“It Takes a Network”: Building National Capacity for Climate Change Interpretation

Tuesday, 16 December 2014: 8:45 AM
William Spitzer, New England Aquarium, Programs, Exhibits and Planning, Boston, MA, United States
Since 2007, the New England Aquarium has led a national effort to increase the capacity of informal science venues to effectively communicate about climate change. We are now leading the NSF-funded National Network for Ocean and Climate Change Interpretation (NNOCCI), partnering with the Association of Zoos and Aquariums, FrameWorks Institute, Woods Hole Oceanographic Institution, Monterey Bay Aquarium, and National Aquarium, with evaluation conducted by the New Knowledge Organization, Pennsylvania State University, and Ohio State University.

More than 1,500 informal science venues (science centers, museums, aquariums, zoos, nature centers, national parks) are visited annually by 61% of the U.S. population. These visitors expect reliable information about environmental issues and solutions. NNOCCI enables teams of informal science interpreters across the country to serve as “communication strategists” – beyond merely conveying information they can influence public perceptions, given their high level of commitment, knowledge, public trust, social networks, and visitor contact.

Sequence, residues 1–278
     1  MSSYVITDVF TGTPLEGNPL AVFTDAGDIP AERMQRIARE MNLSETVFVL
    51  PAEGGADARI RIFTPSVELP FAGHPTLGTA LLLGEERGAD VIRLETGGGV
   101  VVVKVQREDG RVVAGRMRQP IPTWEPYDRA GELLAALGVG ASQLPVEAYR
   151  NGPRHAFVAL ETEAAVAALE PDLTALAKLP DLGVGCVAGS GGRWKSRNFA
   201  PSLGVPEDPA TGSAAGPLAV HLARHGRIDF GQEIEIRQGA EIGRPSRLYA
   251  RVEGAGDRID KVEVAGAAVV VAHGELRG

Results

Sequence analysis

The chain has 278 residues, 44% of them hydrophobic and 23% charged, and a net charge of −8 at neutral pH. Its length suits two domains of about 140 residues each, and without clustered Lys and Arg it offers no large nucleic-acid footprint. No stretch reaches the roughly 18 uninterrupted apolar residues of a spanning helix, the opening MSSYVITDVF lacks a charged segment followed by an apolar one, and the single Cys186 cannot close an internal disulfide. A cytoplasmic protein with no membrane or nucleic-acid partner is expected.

Beyond providing in-depth training, we have found that our “alumni network” is assuming an increasingly important role in achieving our goals:

1. Ongoing learning - Training must be ongoing given continuous advances in climate and social science research.

2. Implementation support – Social support is critical as interpreters move from learning to practice, given complex and potentially contentious subject matter.

3. Leadership development – We rely on a national cadre of interpretive leaders to conduct workshops, facilitate study circle trainings, and support alumni.

4. Coalition building – A peer network helps to build and maintain connections with colleagues, and supports further dissemination through the informal science community.

We are experimenting with a variety of online and face to face strategies to support the growing alumni network. Our goals are to achieve a systemic national impact, embed our work within multiple ongoing regional and national climate change education networks, and leave an enduring legacy.